The final frontier: Space is the new arena as Russia and China develop anti-satellite capabilities that will require the US to look at refreshing its own assets for resilience against potential disruption.
Advanced capabilities: The superpowers will continue to focus on new tools like cyber, electronic warfare, artificial intelligence and hypersonics.
Cyber attacks aren’t just a military problem. There’s also political and commercial ramifications to our reliance on networks and connected devices and systems. The Cambridge Analytica Facebook scandal is a prime example of how technology can be used to promote influence. But cyber operations can also be used for espionage and infiltration.
The threat facing businesses isn’t new, but it is growing. Research firm Gartner forecasts worldwide enterprise security spending will total $96.3 billion in 2018, representing a +8% Y/Y increase, and expects 60% of organizations to invest in some form of cybersecurity by 2020, up from roughly 35% today.
Starting in 2013, the Director of National Intelligence named cyber threats as the number one strategic threat to the US, the first time anything ranked ahead of terrorism since the 9/11 attacks.
A growing number of corporate bellwethers have recognized the broad societal and environmental issues we are collectively facing and taken steps to make proactive, positive changes to their operating models. Investors are increasingly interested in backing these types of environmentally and socially conscious companies and the expectation for businesses to adopt sustainable practices has risen. These trends have led to a growing market for environmental, social, and governance (ESG) investing, which is graining traction globally.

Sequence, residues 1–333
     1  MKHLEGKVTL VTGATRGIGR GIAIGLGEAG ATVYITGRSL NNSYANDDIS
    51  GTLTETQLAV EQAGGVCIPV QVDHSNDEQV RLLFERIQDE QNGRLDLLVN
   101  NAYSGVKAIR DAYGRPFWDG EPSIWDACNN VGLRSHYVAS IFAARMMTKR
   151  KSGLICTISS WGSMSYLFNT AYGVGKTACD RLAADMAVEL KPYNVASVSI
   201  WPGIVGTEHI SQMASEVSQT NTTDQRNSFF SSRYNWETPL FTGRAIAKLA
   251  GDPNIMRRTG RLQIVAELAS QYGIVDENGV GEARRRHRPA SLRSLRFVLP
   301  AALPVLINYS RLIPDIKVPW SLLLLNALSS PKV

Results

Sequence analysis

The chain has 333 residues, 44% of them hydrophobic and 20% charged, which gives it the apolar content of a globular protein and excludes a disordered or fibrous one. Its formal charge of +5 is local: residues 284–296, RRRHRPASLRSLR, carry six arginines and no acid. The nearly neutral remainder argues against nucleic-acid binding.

A United Nations supported-initiative, Principles of Responsible Investing (PRI), introduced a voluntary framework in 2006, outlining six principles to promote awareness of ESG-related issues among global investors. PRI now counts almost US$70 trillion in assets under management (AUM) amongst its signatories, including asset owners, investment managers, and service providers, with a 24% CAGR in signatory AUM since the framework was introduced over ten years ago.
“Society is demanding that companies, both public and private, serve a social purpose. To prosper over time, every company must not only deliver financial performance, but also show how it makes a positive contribution to society.” BlackRock founder and CEO, Larry Fink
Corporate bellweathers such as Home Depot, Best Buy and Walmart have already started initiatives to tackle issues like energy usage, waste and carbon emissions. Overall, we believe this mindset is becoming increasingly important for companies not only in the assessment of investment value, but to remain competitive with rapidly changing societal preferences.